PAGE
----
Not Bringing Home a Baby
We found this essay on the pain of infertility and miscarriage so beautiful that we had to share it. Certainly, it’s a hard read, and yes, longer than some of our typical pieces. But the poignancy of her words makes it worth your time.
A classics professor who took time to build her career and find her stride in academics, the author laments the many things that “they” didn’t tell her along the way.
They don’t tell you how you’ll feel when you finally sit down with a fertility specialist to review the single-digit success rates for couples your age, the four- and five-figure costs (not covered by your insurance) for each escalating artifice in this business that profits from hope and fear. How you’ll reel when you learn your ovaries have been shutting down — treacherously, inexorably — all this time you were hitting your scholarly stride, running and biking five times a week, feeling in your prime.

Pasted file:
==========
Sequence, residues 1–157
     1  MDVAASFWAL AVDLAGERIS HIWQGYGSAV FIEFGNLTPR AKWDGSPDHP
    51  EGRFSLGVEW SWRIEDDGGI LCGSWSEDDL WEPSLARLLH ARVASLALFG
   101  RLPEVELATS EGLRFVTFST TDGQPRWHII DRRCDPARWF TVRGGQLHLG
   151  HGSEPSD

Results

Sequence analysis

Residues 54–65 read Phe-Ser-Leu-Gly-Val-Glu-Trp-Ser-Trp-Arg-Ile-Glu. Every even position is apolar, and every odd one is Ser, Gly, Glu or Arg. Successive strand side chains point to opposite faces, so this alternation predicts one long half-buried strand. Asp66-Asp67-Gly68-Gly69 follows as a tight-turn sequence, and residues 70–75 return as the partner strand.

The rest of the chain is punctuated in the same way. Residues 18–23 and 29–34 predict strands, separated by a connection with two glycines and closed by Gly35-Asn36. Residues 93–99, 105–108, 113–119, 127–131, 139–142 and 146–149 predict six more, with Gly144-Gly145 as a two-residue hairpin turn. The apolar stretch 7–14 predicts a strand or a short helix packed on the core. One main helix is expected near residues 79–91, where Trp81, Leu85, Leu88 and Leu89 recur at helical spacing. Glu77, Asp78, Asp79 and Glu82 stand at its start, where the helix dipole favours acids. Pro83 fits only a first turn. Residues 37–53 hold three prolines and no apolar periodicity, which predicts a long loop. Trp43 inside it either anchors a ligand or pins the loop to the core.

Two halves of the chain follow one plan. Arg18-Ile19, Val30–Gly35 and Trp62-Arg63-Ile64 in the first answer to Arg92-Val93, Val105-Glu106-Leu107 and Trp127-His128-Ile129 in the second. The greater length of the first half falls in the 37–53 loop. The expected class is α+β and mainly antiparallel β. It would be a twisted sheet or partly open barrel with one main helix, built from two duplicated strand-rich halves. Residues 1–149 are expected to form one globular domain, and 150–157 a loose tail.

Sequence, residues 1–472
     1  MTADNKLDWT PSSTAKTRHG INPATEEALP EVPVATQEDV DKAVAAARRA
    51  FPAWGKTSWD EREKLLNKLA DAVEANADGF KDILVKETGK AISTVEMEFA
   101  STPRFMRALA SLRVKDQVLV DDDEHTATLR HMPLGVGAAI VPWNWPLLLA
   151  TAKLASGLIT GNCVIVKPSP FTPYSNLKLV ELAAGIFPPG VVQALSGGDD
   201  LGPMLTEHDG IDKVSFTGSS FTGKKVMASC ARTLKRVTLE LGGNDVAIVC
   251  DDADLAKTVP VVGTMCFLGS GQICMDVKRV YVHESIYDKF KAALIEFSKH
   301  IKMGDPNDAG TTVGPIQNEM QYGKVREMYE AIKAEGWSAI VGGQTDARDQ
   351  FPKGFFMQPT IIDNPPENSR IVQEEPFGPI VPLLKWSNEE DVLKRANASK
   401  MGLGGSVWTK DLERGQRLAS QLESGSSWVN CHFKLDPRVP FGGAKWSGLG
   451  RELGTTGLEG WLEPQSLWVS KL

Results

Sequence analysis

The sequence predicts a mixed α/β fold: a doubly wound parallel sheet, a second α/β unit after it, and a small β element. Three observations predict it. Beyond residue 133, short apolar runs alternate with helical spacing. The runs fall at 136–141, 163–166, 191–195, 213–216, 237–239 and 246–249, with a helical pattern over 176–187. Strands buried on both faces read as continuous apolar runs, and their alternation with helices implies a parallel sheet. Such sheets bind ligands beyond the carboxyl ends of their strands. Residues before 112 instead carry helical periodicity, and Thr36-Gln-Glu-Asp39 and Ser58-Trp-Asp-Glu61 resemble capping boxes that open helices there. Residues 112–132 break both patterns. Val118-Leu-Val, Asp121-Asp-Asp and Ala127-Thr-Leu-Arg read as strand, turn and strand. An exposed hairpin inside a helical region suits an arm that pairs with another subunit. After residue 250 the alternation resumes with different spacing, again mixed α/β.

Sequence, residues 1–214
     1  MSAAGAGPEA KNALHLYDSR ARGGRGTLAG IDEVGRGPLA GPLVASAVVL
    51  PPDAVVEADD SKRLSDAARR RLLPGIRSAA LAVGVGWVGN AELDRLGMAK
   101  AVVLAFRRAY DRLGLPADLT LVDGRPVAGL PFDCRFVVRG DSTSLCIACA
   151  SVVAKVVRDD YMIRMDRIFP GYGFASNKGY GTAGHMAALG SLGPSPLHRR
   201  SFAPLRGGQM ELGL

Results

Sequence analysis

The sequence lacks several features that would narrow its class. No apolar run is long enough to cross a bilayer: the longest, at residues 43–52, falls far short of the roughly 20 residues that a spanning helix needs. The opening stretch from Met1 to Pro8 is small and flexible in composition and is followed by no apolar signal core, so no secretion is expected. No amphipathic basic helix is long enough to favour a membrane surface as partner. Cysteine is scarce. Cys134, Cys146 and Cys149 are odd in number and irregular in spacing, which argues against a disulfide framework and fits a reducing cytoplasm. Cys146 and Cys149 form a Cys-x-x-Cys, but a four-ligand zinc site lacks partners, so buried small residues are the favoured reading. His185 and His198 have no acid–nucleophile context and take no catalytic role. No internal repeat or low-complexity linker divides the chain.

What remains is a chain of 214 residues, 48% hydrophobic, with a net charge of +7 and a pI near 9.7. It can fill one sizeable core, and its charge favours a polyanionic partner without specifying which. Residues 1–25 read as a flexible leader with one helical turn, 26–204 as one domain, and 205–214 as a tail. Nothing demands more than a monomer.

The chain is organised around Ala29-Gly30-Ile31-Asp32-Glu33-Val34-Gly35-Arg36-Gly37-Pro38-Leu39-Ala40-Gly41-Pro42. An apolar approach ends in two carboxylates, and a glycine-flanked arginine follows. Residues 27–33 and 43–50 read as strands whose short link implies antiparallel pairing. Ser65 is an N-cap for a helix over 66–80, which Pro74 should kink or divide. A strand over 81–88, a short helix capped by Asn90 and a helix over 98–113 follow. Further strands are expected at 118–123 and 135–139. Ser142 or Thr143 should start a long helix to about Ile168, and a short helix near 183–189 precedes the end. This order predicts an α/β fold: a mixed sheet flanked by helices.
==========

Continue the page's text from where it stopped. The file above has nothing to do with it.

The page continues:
and the agony of enduring all of it only to have the chances of conceiving continue to dwindle:
They can’t tell you why you had to go through so much for so little; how the world carries on untroubled as you and your husband age a decade in two weeks. They can’t tell you how it feels to be back to square one, but with every month that’s passed, more prone to miscarriage and genetic aberration, even shorter on eggs and time. They can’t guess your chances of ever conceiving again, of next time ending differently than this.
It’s a bittersweet and very intimate view on the author’s choice to delay family-building in favor of career-building. You can read the whole essay here.